Although party affiliation's role in individual political behavior in the United States has been studied since the 1940s (Berelson, Lazarsfeld, and McPhee 1954; Lazarsfeld, Berelson, and Gaudet 1944), it became a central focus in the Michigan studies of the 1950s and 1960s (Belknap and Campbell 1951; Campbell, Converse, Miller, and Stokes 1960). Indeed, as Nie, Verba, and Petrocik (1979, 47) noted, in the 1950s and 1960s, party affiliation "was the central thread running through interpretations of American politics" where it was considered "a stable characteristic of the individual: it was likely to be inherited, it was likely to remain steady throughout the citizen's political life, and it was likely to grow in strength during that lifetime."
Party identification is important in part because of its power to predict the presidential vote choice (Barrels 2000). Analyzing data from the American National Election Survey (ANES) from 1952 through 2004, Bafumi and Shapiro (2009) showed that party identification achieved its highest predictive value in 1996 and 2004. Consistent with that analysis, the 2012 National Exit Poll revealed that more than nine in 10 self-identified Republicans (93%) reported casting their ballots for their party nominee, and a nearly equal proportion (92%) of self-styled Democrats sided with the Democratic incumbent president Barack Obama (Cable News Network [CNN] 2012). Indeed strong party attachment predicts straight ticket voting (Schaffner, Streb, and Wright 2001).
The drop in the number of citizens reporting a strong tie to party, a decline that occurred between the mid-1960s and mid-1970s and leveled off in the late-1970s and early-1980s, did not change the fact that most continued to identify with a party (Miller and Shanks 1996). But changes in partisan affiliation did focus scholars on its variability from one election to another with some attributing the differences to simple survey measurement error (Green and Palmquist,1990, 1994; Johnston 2006), and others arguing that party identification can be affected in the short run by events (Franklin and Jackson 1983; Markus and Converse 1979).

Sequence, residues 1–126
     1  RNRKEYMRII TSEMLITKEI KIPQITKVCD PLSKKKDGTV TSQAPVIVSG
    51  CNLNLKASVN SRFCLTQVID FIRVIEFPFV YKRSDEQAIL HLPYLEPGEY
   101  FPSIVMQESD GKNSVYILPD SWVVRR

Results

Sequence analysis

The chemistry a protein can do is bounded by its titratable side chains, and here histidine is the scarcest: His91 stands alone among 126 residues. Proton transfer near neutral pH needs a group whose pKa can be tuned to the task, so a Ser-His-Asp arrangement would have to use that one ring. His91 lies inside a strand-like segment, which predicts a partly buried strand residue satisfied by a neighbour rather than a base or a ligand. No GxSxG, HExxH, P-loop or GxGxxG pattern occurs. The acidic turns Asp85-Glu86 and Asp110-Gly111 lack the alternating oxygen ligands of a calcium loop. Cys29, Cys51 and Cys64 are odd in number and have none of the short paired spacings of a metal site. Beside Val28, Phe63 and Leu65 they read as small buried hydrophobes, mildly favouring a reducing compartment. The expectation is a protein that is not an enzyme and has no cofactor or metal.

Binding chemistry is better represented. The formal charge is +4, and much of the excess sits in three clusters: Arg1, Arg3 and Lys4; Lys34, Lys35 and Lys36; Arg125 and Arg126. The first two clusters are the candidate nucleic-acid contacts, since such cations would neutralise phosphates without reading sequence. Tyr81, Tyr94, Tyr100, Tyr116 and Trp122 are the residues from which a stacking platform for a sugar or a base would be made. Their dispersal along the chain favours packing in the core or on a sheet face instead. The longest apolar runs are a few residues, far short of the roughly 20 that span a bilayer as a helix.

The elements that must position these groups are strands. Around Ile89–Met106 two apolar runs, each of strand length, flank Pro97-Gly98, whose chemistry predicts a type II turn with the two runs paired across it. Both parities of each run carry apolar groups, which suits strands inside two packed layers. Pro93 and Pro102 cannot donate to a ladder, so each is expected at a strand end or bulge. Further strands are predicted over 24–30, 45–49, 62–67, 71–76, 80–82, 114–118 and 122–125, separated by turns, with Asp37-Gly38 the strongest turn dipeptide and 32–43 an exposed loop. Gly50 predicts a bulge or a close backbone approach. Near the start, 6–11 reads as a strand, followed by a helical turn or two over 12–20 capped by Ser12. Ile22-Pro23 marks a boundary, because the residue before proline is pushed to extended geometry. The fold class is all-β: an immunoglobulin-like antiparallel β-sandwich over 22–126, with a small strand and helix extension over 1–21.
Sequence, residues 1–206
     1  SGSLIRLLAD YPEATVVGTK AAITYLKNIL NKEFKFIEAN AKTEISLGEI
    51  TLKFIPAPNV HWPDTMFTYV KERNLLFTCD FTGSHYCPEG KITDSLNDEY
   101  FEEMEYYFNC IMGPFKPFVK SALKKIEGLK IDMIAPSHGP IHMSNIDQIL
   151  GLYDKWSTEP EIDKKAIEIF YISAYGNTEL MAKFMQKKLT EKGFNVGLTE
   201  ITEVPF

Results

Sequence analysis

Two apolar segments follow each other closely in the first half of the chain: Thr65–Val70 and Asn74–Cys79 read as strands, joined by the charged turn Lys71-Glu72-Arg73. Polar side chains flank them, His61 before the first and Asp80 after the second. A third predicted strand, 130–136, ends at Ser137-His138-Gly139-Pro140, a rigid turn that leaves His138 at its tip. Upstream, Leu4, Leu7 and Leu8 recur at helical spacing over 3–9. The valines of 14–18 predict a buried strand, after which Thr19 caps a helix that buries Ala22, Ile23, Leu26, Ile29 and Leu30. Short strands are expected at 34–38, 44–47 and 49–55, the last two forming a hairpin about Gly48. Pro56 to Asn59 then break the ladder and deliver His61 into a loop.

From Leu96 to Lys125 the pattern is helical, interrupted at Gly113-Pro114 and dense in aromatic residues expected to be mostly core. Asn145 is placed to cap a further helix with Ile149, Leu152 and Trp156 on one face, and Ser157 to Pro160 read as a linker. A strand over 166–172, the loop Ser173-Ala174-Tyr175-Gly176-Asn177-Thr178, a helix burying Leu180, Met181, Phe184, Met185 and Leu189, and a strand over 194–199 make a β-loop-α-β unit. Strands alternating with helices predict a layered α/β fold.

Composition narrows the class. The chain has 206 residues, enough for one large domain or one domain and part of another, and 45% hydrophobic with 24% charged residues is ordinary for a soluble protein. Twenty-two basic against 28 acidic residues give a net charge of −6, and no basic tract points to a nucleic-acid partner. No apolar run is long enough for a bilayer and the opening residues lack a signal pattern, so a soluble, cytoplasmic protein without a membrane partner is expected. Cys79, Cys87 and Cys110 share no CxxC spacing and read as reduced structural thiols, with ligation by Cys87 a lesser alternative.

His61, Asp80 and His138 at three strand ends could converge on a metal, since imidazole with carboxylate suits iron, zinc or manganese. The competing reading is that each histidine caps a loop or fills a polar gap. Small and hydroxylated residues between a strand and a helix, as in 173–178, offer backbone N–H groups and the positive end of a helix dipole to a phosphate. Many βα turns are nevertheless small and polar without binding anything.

Using the Annenberg Public Policy Center of the University of Pennsylvania's (APPC) National Annenberg Election Survey's (NAES) rolling cross-section data, we tracked the root party identification (whether respondent identifies as a Democrat, a Republican, or an Independent) in the 2000, 2004, and 2008 elections. In 2000, Johnston, Hagen, and Jamieson found,
as forces favored Al Gore, the intensity of identification strengthened among Democrats and weakened among Republicans, and the Democrats share among Independent "leaners" grew and Republican share shrank. The opposite happened when forces favored Bush. At the end of the campaign, identification with each party intensified. (2004, 42-43n.9) In subsequent years (Winneg and Jamieson 2005, 2010), we also noted some variability during the course of the general election campaign and greater stability in the weeks leading to the elections. In 2004, the gap between self-identified party affiliation narrowed, but in 2008 the tracking indicated a net Democratic advantage, a finding that also showed up in the exit polls (CNN 2008). In this article, we analyze the extent of variability in self-identified party affiliation in the 2012 U.S. presidential general election campaign. We then compare the aggregate 2012 self-identified party affiliation with the prior three U.S. presidential general elections--2008, 2004, and 2000.